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The oil and gas industry has a significant and far reaching economic impact in Louisiana. According to one 2014 study, the total direct and indirect impact on the state is approximately $73.8 billion.[1] Taxes make up a large part of the industry’s direct economic impact in Louisiana: In 2013, the industry paid nearly $1.5 billion in taxes to the State, about 14.6% of the total taxes, licenses and fees collected that year.[2] A large chunk of the taxes paid by oil and gas companies are severance taxes, which are levied on the production of natural resources taken from private and public land or water bottoms within the territorial boundaries of the state.[3] Natural resources might include, for example timber, minerals like oil and gas, coal, salt, or sulphur. Overall, collections on oil and gas amount to nearly 92% of all severance tax collections in the state.[4]

In the last few months, the Louisiana Department of Revenue (the “Department”) has audited dozens of Louisiana oil producers seeking additional oil severance taxes. As explained below, the Department has issued audit findings which determine that any negative adjustments embedded into the negotiated prices in various oil purchase contracts were not allowable. As a result, the Department is seeking payment of severance taxes on a price which is higher than the one actually paid pursuant to the contracts. This new interpretation has resulted in significant liability for many producers, some in the hundreds of thousands of dollars.

Severance taxes on oil are paid based on the value of the oil at the time and place of severance. La. R.S. 47:633(7)(a). The value of the oil is the higher of: (1) The gross receipts received from the first purchaser, less charges for trucking, barging and pipeline fees, or (2) the posted field price. Id. Since posted field prices are uncommon today (and the industry would assert that the concept no longer exists and should be removed from the law), the amount of severance taxes due to be paid is likely based on option (1) above. If neither the first purchaser nor producer of the oil claims a deduction for trucking, barging or pipeline fees, then the value of the oil for tax purposes is based solely on the gross receipts received from the first purchaser. Normally, the calculation process ends here and the taxpayer submits payment accordingly. The recent audits by the Department, however, indicate a new state of affairs.

The oil purchase agreements recently targeted by the Department include a price formula which begins with a “market center price” (i.e. West Texas Intermediate Crude Cushing OK), and then includes various positive and negative adjustments to that market center price to arrive at the price to be paid for the crude oil. For instance, if the oil is purchased at or near the lease, the particular lease may include a deduction or premium applicable only to that lease. This increase or decrease from the market center price might be based on a variety of factors. In its recent audit reports, the Department has “unbundled” the contractually negotiated prices actually paid, and seeks to assess additional severance taxes based upon a hypothetical amount of additional value which ignores any negative adjustments embedded in the price formula. The Department essentially created its own theoretical prices for the oil, and is attempting to assess an additional severance tax based on that amount.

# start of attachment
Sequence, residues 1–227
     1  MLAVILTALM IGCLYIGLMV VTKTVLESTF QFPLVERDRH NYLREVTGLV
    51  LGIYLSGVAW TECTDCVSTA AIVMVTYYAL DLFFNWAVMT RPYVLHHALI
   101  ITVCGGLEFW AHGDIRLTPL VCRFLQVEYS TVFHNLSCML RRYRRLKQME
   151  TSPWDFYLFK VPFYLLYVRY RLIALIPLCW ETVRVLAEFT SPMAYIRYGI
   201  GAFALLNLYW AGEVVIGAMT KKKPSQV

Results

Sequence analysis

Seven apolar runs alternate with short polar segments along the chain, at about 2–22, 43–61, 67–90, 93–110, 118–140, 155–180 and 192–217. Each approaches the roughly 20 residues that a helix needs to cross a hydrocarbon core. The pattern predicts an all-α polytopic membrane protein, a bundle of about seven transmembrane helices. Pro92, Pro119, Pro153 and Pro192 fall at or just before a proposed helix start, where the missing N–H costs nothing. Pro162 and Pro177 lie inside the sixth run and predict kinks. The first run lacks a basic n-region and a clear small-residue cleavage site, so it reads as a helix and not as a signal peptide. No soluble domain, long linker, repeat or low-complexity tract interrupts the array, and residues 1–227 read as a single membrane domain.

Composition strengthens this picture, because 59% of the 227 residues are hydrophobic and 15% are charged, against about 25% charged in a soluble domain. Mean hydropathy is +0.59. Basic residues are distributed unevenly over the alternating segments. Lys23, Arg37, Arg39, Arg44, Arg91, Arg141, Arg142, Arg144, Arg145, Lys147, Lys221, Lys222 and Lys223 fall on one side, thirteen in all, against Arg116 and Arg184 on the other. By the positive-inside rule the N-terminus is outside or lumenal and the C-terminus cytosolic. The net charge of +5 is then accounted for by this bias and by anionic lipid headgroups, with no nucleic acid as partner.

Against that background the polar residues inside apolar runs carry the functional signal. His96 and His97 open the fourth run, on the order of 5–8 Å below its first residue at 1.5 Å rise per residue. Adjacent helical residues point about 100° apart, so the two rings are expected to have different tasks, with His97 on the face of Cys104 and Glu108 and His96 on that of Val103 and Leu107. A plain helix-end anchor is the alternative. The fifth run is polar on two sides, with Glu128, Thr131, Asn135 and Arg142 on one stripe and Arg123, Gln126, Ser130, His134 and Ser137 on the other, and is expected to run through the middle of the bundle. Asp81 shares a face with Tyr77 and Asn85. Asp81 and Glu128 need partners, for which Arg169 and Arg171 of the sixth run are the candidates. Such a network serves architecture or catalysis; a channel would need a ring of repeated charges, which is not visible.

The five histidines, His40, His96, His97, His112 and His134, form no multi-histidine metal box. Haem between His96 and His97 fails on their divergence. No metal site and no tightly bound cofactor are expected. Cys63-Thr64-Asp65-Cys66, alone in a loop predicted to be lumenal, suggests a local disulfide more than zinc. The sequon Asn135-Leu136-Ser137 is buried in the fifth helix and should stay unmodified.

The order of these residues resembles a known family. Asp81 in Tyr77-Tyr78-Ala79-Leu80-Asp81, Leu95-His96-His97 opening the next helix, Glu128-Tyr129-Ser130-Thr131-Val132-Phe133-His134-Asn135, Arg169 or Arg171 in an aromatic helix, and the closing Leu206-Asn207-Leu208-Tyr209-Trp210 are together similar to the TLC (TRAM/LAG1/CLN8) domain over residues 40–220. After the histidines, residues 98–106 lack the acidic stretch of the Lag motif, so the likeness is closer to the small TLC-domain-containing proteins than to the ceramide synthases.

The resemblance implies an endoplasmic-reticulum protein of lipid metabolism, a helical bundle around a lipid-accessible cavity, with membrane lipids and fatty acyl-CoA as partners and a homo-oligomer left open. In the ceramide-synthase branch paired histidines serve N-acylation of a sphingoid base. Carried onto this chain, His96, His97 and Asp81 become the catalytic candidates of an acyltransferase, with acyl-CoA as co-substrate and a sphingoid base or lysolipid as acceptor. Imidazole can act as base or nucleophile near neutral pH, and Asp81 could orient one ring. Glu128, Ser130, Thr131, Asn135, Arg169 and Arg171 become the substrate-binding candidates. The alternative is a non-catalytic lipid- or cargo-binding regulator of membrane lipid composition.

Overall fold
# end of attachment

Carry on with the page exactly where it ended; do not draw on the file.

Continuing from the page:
Consider the following hypothetical:

  • Operator X enters into an Oil Purchase Agreement to sell oil from a mineral lease to First Purchaser Y. Under the terms of the Agreement, First Purchaser takes title to the oil at or near the lease. By law, Operator X is the “severer” of oil and is therefore subject to the Louisiana oil severance tax under LA. R.S. 47:633(7); but, First Purchaser Y agrees to withhold the severance taxes from the proceeds due to Operator X and reports and remits these taxes to the Department.
  • Pursuant to the Oil Purchase Agreement, Operator X and First Purchaser Y agree to a price formula which begins with a market center price of $65, and then deducts $3 for a final price of $62 per barrel. Accordingly, First Purchaser Y withholds severance taxes based upon the $62 price it paid to Operator X, and reports and remits the same to the Department.
  • A year or two after the sale, Operator X receives an audit report from the Department which provides that Operator X owes additional severance taxes for those months it sold oil to First Purchaser Y under the Oil Purchase Agreement. The audit letter from the Department indicates that the value of the oil for severance tax purposes was actually $65 per barrel, and not the $62 negotiated price. Therefore, the Department proposes to assess an additional severance on the extra $3 per barrel, plus interest and penalties.

A taxpayer who has been audited and receives a notice of proposed tax due from the Department must act quickly to protect its procedural rights. For any significant proposed assessment, a taxpayer should always seriously consider how it can protect itself from additional tax liability.

If you have any questions about this or any other tax issues, please contact RJ Marse at, Jim Exnicios at, or Cheryl Kornick at





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